FIG. 2 illustrates a flowchart of a method 200 for gathering and using monitored data. The monitored data may be gathered, for example, during the monitoring acts (acts 101 and 103) performed before and after the transformation. Additionally, such monitored data may be provided as a service provided by the entity that facilitated the transformation of the real estate property.

According to the method, data is gathered regarding the monitored power usage (act 201). The gathered data, or a portion thereof, may be reported to a third party (act 202), preferably with the consent of the owner of the real estate property and certainly within the limits provided by the governing law. The third party may then use all or a portion of the gathered data for additional purposes (act 203). As an example, the third party may use the gathered data to identify offers that might be interesting to the owner. For instance, suppose that the monitored usage data is capable of detecting when power consumption devices (such as a refrigerator) turn on and off Over time, the monitored data may be used to detect that the power consumption device is becoming less efficient. The third party may thus present tailored offers that are accompanied with informative information regarding the power efficiency of the power consumption device. This might give the owner information regarding the efficacy of replacing or performing repairs on the power consumption device.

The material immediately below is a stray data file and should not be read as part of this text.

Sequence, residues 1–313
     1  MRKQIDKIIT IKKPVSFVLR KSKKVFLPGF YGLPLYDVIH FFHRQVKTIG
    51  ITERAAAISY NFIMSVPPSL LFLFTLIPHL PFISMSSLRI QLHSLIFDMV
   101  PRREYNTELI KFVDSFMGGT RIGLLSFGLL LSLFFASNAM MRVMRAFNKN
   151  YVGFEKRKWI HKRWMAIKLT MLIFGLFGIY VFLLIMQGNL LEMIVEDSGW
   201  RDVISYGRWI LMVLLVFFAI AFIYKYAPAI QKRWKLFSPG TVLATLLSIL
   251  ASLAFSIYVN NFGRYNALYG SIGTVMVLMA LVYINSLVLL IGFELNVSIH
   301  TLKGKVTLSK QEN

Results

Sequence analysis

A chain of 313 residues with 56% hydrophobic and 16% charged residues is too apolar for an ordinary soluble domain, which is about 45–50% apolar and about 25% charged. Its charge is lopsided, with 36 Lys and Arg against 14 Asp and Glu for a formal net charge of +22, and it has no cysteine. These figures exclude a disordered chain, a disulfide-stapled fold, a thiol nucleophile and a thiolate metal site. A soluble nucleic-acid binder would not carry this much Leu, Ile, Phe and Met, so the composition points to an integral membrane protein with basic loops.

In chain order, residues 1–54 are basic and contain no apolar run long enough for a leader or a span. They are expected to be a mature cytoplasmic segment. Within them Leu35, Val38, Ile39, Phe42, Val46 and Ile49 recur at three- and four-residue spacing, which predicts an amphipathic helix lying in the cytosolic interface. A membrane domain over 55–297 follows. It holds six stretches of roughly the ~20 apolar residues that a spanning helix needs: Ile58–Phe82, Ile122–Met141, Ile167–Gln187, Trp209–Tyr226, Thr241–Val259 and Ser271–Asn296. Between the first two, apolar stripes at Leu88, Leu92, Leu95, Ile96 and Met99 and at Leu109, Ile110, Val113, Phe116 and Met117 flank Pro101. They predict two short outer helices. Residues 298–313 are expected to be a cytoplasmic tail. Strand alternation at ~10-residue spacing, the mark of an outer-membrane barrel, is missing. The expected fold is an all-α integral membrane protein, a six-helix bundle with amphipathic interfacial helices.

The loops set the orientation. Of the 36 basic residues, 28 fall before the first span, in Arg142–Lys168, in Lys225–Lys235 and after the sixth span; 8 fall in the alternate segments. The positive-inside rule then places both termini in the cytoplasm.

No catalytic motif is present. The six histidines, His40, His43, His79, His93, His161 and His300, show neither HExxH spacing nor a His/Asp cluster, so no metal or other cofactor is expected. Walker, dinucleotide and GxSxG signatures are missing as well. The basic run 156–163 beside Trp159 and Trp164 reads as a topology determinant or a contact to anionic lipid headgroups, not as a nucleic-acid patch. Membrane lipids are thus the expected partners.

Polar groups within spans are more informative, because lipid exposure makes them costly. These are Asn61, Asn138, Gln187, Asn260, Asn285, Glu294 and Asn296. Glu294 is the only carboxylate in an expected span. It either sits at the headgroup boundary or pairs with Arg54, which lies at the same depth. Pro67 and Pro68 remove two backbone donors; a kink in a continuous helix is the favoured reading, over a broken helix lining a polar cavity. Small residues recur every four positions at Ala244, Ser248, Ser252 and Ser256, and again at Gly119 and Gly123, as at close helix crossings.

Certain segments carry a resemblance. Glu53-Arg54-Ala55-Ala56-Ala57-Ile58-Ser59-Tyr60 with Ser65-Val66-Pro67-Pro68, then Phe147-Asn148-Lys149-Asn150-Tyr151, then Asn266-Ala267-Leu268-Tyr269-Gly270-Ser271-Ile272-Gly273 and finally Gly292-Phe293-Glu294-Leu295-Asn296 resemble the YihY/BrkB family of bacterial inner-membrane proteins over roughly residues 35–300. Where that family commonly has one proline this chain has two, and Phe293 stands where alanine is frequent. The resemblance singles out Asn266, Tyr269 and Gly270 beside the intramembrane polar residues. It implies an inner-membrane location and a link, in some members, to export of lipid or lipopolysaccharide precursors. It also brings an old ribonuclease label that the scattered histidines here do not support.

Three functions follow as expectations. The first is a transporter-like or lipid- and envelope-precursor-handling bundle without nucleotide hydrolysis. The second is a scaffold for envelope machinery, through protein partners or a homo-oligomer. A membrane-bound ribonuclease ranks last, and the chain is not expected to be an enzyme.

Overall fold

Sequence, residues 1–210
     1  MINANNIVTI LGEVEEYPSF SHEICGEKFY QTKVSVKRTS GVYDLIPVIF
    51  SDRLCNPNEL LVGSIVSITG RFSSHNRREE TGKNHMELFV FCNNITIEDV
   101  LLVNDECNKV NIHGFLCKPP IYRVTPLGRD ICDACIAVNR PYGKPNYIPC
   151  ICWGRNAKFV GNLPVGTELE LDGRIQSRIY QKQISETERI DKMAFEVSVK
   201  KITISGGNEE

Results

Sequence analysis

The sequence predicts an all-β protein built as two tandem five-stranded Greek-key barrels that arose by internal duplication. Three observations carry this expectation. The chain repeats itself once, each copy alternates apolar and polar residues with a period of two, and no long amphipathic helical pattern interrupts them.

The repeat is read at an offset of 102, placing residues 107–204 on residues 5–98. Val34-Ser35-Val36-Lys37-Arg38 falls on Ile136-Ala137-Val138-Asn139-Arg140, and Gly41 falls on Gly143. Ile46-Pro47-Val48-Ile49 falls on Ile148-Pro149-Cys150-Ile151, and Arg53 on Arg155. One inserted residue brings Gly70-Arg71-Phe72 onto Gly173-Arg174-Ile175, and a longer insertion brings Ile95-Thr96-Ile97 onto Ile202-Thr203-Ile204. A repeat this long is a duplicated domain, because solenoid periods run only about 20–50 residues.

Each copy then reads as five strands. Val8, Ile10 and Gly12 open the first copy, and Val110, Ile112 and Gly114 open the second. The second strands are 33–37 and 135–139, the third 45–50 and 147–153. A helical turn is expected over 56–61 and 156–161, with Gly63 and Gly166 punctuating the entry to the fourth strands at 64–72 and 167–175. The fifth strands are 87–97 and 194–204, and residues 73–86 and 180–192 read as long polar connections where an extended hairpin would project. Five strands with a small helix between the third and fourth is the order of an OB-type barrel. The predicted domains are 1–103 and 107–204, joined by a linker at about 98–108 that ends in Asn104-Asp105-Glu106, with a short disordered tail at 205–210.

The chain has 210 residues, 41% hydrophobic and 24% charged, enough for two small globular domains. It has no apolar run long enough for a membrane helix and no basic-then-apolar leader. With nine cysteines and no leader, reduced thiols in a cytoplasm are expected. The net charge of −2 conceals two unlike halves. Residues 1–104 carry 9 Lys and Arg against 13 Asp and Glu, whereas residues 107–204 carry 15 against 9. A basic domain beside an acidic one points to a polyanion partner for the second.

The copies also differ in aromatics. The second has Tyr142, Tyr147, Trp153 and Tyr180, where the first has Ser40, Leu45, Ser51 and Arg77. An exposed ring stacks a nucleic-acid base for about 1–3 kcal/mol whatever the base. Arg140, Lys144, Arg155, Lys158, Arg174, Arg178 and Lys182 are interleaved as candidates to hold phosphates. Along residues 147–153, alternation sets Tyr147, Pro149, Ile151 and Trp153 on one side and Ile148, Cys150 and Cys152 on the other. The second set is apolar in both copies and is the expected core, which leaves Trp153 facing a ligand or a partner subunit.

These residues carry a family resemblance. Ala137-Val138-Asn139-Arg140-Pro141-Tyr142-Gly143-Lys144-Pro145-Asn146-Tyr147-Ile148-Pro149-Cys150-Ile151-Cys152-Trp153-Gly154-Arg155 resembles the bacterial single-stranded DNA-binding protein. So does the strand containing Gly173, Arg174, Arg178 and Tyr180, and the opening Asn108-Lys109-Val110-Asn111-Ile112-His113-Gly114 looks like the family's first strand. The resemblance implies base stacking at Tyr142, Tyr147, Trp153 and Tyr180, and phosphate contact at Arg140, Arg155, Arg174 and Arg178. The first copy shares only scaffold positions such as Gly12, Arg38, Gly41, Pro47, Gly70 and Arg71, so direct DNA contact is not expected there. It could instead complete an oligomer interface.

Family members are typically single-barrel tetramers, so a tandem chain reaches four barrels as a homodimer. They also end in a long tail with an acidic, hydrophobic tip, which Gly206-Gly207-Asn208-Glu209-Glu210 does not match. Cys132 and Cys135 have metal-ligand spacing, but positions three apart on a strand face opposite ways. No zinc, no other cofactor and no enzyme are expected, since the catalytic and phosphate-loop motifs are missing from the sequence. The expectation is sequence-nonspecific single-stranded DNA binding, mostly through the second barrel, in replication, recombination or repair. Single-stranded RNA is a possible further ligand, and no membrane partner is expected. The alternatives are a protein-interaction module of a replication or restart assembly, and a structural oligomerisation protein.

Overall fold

As previously mentioned, part of the compensation for the transformation might be a transfer fee imposed by restrictive covenant. FIG. 3 illustrates a flowchart of a method 300 for selling the real estate property when a transfer fee is attached therewith by restrictive covenant. The owner negotiates with a real estate broker involved or to be involved in the subsequent sale for the real estate broker to pay all or a portion of the transfer fee at the subsequent sale (act 301). During closing (act 302), the negotiated portion of the transfer fee is paid by the real estate broker (act 303), rather than by the seller.

As previously mentioned, a portion of the acts described above may be performed by a computing system. For instance, the monitoring of the power usage, and the determination of an energy credit may be performed by a computing system. Furthermore, the reporting acts performed over a network may be accomplished with the assistance of a computing system. FIG. 4 illustrates a computing system 400 that could be used to perform such acts.